Tri-Valley CAREs had filed requests for documents under the Freedom of Information Act (FOIA), the nation's primary federal statute guaranteeing public access to the written records of the government unless the records, in whole or in part, are protected from disclosure by any of the nine exemptions to the law.

The law provides the government 20 days to comply. However, instead of the records, we received (a) stone silence, and, in some cases, (b) a seemingly endless parade of excuses for non-compliance, including illnesses, office reorganization and intra-agency non-cooperation. These excuses went on for not just weeks, but for months and years!

Tri-Valley CAREs' mission to "watchdog" Livermore Lab is thwarted when the government refuses to comply with the law. Further, the public's fundamental right to know is abrogated. Thus, we filed litigation.

Our lawsuit also claimed that DOE exhibited a "pattern and practice" of FOIA non-compliance. Groups across the country that monitor activities in the nuclear weapons complex told us of their experiences with DOE stonewalling FOIA requests, and assured us they would go before the court and offer testimony that the Department routinely fails to comply with its FOIA obligations.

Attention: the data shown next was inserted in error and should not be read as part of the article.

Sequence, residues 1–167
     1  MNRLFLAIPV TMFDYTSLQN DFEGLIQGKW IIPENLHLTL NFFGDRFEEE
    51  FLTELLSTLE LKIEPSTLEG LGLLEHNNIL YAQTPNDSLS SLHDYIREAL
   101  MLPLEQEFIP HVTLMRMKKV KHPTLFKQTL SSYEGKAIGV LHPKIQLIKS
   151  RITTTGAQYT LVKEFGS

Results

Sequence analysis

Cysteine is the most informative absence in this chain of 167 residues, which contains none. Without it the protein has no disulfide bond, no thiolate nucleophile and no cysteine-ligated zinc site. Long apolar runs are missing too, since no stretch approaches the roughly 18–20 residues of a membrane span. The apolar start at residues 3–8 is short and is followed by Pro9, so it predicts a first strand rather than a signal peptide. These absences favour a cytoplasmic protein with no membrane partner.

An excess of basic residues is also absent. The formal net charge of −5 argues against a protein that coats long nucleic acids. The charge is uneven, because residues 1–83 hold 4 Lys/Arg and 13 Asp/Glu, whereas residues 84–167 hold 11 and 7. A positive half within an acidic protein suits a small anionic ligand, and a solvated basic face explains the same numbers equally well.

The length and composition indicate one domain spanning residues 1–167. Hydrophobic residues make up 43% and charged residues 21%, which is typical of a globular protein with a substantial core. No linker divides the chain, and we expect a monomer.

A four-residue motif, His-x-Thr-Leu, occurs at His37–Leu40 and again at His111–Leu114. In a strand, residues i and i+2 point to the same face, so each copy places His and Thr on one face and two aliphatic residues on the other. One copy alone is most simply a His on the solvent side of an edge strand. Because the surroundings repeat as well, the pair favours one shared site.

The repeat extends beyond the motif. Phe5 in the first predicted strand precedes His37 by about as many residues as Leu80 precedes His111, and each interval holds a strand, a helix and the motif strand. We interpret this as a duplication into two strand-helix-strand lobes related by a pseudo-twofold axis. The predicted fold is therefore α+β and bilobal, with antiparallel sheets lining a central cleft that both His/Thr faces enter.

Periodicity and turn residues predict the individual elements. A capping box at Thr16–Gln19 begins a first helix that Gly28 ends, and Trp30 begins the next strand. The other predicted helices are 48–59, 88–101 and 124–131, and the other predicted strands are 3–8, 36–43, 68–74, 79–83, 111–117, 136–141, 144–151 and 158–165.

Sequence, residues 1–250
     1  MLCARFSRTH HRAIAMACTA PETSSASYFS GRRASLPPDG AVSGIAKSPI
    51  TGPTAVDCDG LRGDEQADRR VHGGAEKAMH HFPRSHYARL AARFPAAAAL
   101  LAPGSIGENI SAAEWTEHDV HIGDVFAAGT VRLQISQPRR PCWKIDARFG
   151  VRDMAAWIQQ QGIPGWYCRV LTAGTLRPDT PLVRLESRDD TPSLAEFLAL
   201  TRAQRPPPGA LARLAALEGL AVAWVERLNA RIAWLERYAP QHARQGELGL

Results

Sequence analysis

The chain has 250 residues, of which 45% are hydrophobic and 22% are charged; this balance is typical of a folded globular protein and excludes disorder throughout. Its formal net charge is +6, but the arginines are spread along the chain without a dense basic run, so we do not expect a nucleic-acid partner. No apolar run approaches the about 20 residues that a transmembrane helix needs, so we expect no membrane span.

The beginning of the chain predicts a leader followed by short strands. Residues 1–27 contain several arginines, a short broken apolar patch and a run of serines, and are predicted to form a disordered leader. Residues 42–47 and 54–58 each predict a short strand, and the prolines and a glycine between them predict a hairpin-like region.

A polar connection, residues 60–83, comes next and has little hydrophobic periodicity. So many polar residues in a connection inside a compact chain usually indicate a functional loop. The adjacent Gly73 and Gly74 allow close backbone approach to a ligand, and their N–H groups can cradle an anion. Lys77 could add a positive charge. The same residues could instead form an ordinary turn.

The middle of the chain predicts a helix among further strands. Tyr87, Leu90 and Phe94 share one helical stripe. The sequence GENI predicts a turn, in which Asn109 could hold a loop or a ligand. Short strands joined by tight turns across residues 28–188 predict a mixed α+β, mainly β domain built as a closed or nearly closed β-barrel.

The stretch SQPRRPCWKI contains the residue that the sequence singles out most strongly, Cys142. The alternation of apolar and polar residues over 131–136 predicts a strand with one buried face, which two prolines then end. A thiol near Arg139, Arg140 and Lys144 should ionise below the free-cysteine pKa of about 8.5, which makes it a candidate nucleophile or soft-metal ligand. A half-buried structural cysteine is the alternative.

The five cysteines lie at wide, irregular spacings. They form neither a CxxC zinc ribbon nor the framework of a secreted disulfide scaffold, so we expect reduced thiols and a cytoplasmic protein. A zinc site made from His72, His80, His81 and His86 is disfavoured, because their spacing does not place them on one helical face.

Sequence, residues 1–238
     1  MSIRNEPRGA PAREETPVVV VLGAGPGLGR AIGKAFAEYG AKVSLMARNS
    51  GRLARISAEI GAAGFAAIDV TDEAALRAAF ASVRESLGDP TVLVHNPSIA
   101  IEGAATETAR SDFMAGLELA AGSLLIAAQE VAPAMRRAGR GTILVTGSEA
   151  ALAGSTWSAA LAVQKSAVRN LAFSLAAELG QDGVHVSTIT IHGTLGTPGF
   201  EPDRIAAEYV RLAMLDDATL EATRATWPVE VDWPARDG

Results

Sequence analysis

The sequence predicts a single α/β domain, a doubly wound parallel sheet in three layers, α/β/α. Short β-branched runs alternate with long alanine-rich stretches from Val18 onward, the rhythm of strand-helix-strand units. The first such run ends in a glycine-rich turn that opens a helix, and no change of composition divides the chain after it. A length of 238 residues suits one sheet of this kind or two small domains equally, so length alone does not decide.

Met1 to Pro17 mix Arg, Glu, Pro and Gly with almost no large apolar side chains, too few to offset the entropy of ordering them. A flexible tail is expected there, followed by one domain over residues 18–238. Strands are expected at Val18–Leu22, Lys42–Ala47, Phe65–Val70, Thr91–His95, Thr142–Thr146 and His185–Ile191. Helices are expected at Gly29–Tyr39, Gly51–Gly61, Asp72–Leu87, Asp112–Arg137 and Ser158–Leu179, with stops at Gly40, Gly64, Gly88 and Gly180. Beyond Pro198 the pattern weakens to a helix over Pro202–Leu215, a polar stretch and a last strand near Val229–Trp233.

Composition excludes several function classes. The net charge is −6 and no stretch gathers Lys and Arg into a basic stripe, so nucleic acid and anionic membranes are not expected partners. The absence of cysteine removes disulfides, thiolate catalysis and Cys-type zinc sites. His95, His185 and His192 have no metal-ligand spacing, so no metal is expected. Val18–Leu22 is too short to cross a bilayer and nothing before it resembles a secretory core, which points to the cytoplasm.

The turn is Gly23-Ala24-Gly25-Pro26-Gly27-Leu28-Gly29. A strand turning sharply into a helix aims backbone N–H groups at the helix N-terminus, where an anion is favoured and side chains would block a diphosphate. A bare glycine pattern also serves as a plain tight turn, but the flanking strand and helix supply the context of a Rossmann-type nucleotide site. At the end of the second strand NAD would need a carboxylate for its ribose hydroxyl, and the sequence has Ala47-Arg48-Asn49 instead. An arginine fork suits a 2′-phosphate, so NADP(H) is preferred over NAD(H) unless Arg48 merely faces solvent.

The DOE, which was represented in court by the Dept. of Justice, first sought to refuse any negotiation in the lawsuit. However, arguments made by Tri-Valley CAREs convinced the court that our case was appropriate for referral to a special magistrate for settlement discussion. "Almost as soon as we entered Magistrate Judge Laporte's chambers, it was clear that documents could be obtained without further undue delay," said Executive Director Marylia Kelley.